Except for that last one.
Lawson became the first player in NBA history to start a game with 10 straight 3-point conversions but missed out on another record by finally missing from behind the arc.
"Keep shooting," Felton recounted telling Lawson. "A guy's hot like that, you've got to feed him the ball. That's why I just took over the point, told him to go down the court, you can run the 2, come off all these screens, just set up, we'll find you.
"I love it. Raining 3s like that, it's fun to watch."
Lawson missed a running 28-foot heave, though, as the third quarter ended with Denver ahead 101-69, finishing 10 for 11 from behind the arc.
"I told him not to," Felton said. "Don't shoot not crazy shot over there. But he wasn't aware, though."
Lawson had no idea that had he just stopped shooting 3s, he'd have been in the NBA record books for most 3-point conversions without a miss. Latrell Sprewell went 9 for 9 from behind the arc for the New York Knicks in a game against the Los Angeles Clippers in 2003.
"Every time I threw it, it went in, except for that last one," Lawson said. "Even that last one I missed, I thought that one was going in."
Felton knew it wouldn't, that's why he implored him not to try it.
"Naw, for what?" Felton said. "He was 10 for 10. Not that one, no."
"Well, the crowd was like, 'Shoot it!'" Lawson said. "So, I didn't want to disappoint the fans, so I shot it anyway."
Lawson wasn't about to lament his one miss and let it diminish his big night, though.
"Oh, not at all," he said.
Those around him sure felt bad for him.
"Nobody let him know," Kenyon Martin said. "Nobody told him that was the record. We've all got to take responsibility for that."
"I just wish he was 10 for 10," his coach, George Karl said.
Sore from Denver's rough-and-tumble loss at Oklahoma City one night before, Lawson gave no inkling this would be a special night. He didn't score until sinking a pair of free throws at the 6-minute mark of the second quarter.
He then sank a half-dozen 3s during a 9-minute stretch spanning halftime that turned a tight game (41-39) into a laugher.
"It was a show," Karl agreed. "It was fun being a part of. I'm sure the fans enjoyed it. I thought Raymond did a great job of finding him. As much as Ty made the shots I thought Raymond's floor game was about as good as it's been since he came here."
Felton, who joined the Nuggets in the Carmelo Anthony trade, had 11 points and 14 assists.
But this was Lawson's night to shine.
"I've seen him take over a game before but I've never seen him do it like that from the three-point line," said Timberwolves guard Wayne Ellington, a former teammate of Lawson's at North Carolina. "It was just one of those things where a guy gets in a zone. It's hard to stop that."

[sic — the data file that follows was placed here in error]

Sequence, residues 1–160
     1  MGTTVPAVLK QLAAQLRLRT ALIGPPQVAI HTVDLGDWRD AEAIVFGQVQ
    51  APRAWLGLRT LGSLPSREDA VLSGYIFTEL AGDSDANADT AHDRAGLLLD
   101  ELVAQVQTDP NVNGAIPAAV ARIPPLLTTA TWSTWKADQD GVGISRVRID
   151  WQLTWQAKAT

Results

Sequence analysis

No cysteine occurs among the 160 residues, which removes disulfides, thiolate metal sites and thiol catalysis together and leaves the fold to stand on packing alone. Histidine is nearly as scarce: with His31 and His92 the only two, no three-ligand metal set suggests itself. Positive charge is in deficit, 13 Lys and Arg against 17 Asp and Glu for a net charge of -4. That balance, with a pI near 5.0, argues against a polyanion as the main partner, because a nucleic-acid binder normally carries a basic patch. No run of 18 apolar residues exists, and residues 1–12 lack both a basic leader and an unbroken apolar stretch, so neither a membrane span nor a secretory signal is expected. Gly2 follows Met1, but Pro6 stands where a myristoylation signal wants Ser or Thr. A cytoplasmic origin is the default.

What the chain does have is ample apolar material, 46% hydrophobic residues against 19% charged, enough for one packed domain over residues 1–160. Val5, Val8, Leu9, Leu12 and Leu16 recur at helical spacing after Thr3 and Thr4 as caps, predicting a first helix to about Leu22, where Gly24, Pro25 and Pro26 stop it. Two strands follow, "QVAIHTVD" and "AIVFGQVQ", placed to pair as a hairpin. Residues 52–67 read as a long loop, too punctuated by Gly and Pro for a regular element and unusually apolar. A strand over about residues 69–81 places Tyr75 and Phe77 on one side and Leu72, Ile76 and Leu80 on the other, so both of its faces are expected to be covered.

Lawson outscored the Timberwolves by himself, 24-18, in the third quarter.
"Ty works on his shot a lot," said J.R. Smith, who holds the franchise record with 11 3-pointers (in 18 attempts) in a game against Sacramento in 2009. "After practice, he's always out there shooting 3-point shots because a lot of people go under him on the pick-and-rolls, and I tell him all the time, that's disrespectful, if somebody goes under you on a pick-and-roll, you're supposed to make them pay.
"He's been working on it and it really showed tonight."
Smith was 6 for 12 from 3-point range himself for 18 points, and Denver's 19 3-pointers in 38 attempts was a franchise record.
Lawson's previous career high was 28 points, set just five nights earlier against Oklahoma City.
"I've never seen that, especially from Ty," Minnesota forward Michael Beasley said. "He's never been known to be a shooter. And the way he was shooting and the distance he was shooting, he was just hot."
The Nuggets improved to 17-6 since trading Anthony.
Karl said before the game his deck was even lighter than usual with forward Wilson Chandler (ankle) joining forward Arron Afflalo (hamstring) and centers Timofey Mozgov (knee, ankle) and Chris "Birdman" Andersen (ankle) on the sideline.
It didn't take long for guard Danilo Gallinari to join them.
He sprained his right ankle with 1:06 left in the first quarter and didn't return. X-rays were negative and the Nuggets said Gallinari was day-to-day.
Denver, the NBA's top-scoring team with a 107-point average, had been held below 100 in four of its last five games before breaking out against the Wolves.
The Nuggets took control with a 17-2 run in the second quarter and led 65-51 at halftime. They increased the advantage to 35 in the second half as they coasted to their 49th win.
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